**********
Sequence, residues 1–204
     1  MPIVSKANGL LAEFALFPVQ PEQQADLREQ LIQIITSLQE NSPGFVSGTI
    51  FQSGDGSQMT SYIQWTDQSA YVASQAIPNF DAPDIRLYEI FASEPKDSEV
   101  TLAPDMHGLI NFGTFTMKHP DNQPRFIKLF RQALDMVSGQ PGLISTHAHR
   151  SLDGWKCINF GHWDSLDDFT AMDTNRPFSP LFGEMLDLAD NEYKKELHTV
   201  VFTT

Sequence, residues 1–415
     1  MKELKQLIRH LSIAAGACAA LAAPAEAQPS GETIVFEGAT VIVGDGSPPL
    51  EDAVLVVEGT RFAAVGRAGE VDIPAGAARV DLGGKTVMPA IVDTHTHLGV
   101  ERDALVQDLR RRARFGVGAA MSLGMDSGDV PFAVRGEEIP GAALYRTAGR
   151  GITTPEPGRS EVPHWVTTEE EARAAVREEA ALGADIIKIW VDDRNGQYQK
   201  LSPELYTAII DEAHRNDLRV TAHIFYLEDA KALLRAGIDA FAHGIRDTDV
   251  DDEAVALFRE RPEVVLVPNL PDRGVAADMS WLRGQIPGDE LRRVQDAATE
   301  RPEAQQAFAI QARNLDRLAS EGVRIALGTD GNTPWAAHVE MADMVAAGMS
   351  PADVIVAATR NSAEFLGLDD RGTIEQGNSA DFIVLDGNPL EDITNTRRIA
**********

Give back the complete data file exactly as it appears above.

Sequence, residues 1–204
     1  MPIVSKANGL LAEFALFPVQ PEQQADLREQ LIQIITSLQE NSPGFVSGTI
    51  FQSGDGSQMT SYIQWTDQSA YVASQAIPNF DAPDIRLYEI FASEPKDSEV
   101  TLAPDMHGLI NFGTFTMKHP DNQPRFIKLF RQALDMVSGQ PGLISTHAHR
   151  SLDGWKCINF GHWDSLDDFT AMDTNRPFSP LFGEMLDLAD NEYKKELHTV
   201  VFTT

Sequence, residues 1–415
     1  MKELKQLIRH LSIAAGACAA LAAPAEAQPS GETIVFEGAT VIVGDGSPPL
    51  EDAVLVVEGT RFAAVGRAGE VDIPAGAARV DLGGKTVMPA IVDTHTHLGV
   101  ERDALVQDLR RRARFGVGAA MSLGMDSGDV PFAVRGEEIP GAALYRTAGR
   151  GITTPEPGRS EVPHWVTTEE EARAAVREEA ALGADIIKIW VDDRNGQYQK
   201  LSPELYTAII DEAHRNDLRV TAHIFYLEDA KALLRAGIDA FAHGIRDTDV
   251  DDEAVALFRE RPEVVLVPNL PDRGVAADMS WLRGQIPGDE LRRVQDAATE
   301  RPEAQQAFAI QARNLDRLAS EGVRIALGTD GNTPWAAHVE MADMVAAGMS
   351  PADVIVAATR NSAEFLGLDD RGTIEQGNSA DFIVLDGNPL EDITNTRRIA